“How did THAT happen?” I asked with bulging eyes when I saw Jean’s bulging belly at Bryant School, some eighteen years ago. We were attending the all-important kindergarten orientation for our still-important second-born children. I had long ago turned Max into a middle child, but was surprised that Jean would do the same to Brian, so many years later.
Jean and I were not yet friends. Our girls were in the same Brownie troop, but that was about the extent of it. We both had jobs outside the home and were in that phase of parenting where simply getting through a day was as much as we could handle. We weren’t actively looking to increase our stable of friends.
But, I’ve always been somewhat filterless and couldn’t help but blurt out my words of flabbergastery, even to a casual acquaintance.
It wasn’t that I thought having a third child was a bad idea. After all, I had lobbied heavily for mine. But, her older two were out of diapers, out of sippy cups, out of cribs, and oh, so close to being out of daycare and safely incarcerated, tuition-free for 13 long, blissful years. Why, oh, why would anyone put themselves into that position again? And because somehow, I sensed that we’d one day become fast friends, I couldn’t help but think about how this new baby would come to affect me.
As it turned out, Katelyn never had an adverse affect on anyone.
I actually befriended Jean’s husband, Tom, long before she and I became bosom buddies. He and my spouse were both Little League coaches and I spent way too many hours on the stands, followed by dinner and drinks at Geronimo’s with the kids and coaches. Meanwhile, Jean was home doing her babying.
But, before long, little Katelyn was toddling about and big enough to be deposited in the piles of yellow infield dirt that doubled as a sandbox for the ball players’ younger siblings. Meanwhile, her older sister, Heather, and my daughter became the pre-pubescent queen bees of Teaneck Southern Little League.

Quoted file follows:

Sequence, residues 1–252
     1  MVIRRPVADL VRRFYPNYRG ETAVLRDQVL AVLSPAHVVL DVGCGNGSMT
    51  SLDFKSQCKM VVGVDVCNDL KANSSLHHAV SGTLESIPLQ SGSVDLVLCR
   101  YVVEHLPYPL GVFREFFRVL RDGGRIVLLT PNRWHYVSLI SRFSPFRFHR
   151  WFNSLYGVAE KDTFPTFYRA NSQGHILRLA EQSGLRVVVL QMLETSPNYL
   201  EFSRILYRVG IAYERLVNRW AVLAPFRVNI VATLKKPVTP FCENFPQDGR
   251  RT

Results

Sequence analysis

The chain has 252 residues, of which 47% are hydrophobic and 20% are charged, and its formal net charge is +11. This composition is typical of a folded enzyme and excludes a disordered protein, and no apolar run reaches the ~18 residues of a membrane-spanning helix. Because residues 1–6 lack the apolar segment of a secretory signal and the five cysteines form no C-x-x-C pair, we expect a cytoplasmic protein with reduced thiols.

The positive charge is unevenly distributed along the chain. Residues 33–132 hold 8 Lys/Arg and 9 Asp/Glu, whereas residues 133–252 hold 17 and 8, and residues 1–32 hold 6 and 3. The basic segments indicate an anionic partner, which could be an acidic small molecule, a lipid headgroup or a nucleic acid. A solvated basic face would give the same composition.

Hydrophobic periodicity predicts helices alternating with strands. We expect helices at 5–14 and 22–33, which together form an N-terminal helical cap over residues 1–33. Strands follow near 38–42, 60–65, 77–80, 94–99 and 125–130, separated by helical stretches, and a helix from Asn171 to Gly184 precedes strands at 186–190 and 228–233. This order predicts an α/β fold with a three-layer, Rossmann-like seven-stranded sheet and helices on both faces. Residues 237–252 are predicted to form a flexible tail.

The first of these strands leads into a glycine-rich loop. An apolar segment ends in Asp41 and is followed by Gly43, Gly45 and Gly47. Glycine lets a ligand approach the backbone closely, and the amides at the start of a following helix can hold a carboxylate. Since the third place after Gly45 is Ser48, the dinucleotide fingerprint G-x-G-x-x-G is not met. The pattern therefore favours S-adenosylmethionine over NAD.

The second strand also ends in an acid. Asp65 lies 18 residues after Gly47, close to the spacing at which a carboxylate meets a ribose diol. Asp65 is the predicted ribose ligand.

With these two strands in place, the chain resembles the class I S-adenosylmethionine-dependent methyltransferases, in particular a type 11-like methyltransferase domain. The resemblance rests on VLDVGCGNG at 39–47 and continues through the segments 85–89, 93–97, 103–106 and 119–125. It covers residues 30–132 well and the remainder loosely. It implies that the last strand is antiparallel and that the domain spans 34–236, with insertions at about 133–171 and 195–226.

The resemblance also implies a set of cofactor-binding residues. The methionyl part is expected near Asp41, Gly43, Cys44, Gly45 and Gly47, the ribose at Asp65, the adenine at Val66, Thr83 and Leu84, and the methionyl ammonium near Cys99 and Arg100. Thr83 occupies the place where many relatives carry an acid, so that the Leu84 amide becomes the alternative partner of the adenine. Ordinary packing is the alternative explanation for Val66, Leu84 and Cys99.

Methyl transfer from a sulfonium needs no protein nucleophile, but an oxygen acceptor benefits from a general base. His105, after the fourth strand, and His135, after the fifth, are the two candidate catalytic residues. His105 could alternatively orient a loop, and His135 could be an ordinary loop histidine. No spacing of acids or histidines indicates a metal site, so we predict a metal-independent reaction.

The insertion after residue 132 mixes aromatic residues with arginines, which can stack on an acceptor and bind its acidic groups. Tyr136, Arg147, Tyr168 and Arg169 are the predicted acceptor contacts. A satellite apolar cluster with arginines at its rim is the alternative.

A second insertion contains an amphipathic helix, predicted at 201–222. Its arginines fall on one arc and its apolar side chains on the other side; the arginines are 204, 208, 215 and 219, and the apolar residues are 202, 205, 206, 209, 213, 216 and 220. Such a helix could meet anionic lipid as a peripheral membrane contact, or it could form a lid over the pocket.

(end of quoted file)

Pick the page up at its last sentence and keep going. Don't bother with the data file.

And once Jean and I started out-embellishing each other with three-time parenting stories and lamenting over how easy life would have been with just two, we realized we had a lifetime of Xanax, bottles of wine and strained vocal cords ahead of us. And that while our six collective children, not to mention our spouses, would bear the brunt of it, there was strength in numbers and solace in commiseration.
From the day she was born, Katelyn captured her father’s heart. That little blond-haired beauty kept him smiling even as he protected her from big dogs, big brothers and big trouble.
But, Katelyn was the last of the brood, so trouble had a completely different definition.
Our poor oldest daughters endured curfews and curses and were watched like hawks. Our somewhat more fortunate second children were allowed out late, were never yelled at and could go to parties without us questioning the parental hosts. And the third children were the luckiest of all. They didn’t get in trouble for anything. Because their siblings or siblings’ friends or siblings’ friends of friends had already slammed us with some version of whatever crime they committed, and somehow, we all lived to tell the tale.
Sometimes, though, our last-of-the-line, look-the-other-way parenting practices teetered dangerously on risky behavior (ours not theirs). Like the time when Katelyn was almost lost at sea in Jamaica or when, had we been paying attention, the gin bottle would still be full. Just kidding on that one, Kate. We know you wouldn’t go so far as to break any laws. Especially not underage drinking.
Through the years, we’ve shared many meals, milestones and holidays with Katelyn and her family. While we tormented the older ones with endless questions about prom dates and cheerleading competitions, SATs and summer jobs, Katelyn learned to keep her ears open and her mouth shut. She watched what was going on around her, learned which offenses were forgivable, figured out when she could sneak out and when she was better off staying in her room. It wasn’t always easy being the baby. It wasn’t always fun being the baby. It wasn’t always advantageous being the baby. But there wasn’t a dang thing she could do about it.
Last weekend we celebrated Katelyn’s graduation.
I thought, having been through three high school graduations and two college commencements with my own kids, that I could simply show up the party with a money-infused card, make small talk with the relatives and wish Katelyn well without feeling a thing. But, when it came time to cut the cake, I found my hardened heart begin to melt.
Because, when I looked over at her patiently smiling as her mother cut the cake and applauded her achievements, I saw someone I hadn’t seen before.
I saw someone who is not only beautiful, but intelligent and interesting. Someone who has empathy and energy and ambition. Someone who graduated not just from high school but from the moniker of being the eternal baby.
Katelyn may be the last in a long line of trials and tribulations but she has survived our scrutiny, our slip-ups and perhaps most annoying, our incessant chatter. I saw for the first time, not a care-free toddler kicking her chubby little legs back and forth in a baby carriage, but a fully-grown young woman ready to tackle the world with kindness and confidence.
And, I saw a baby sister who proved to us, herself and the rest of the world that being last in line is sometimes the perfect place to be.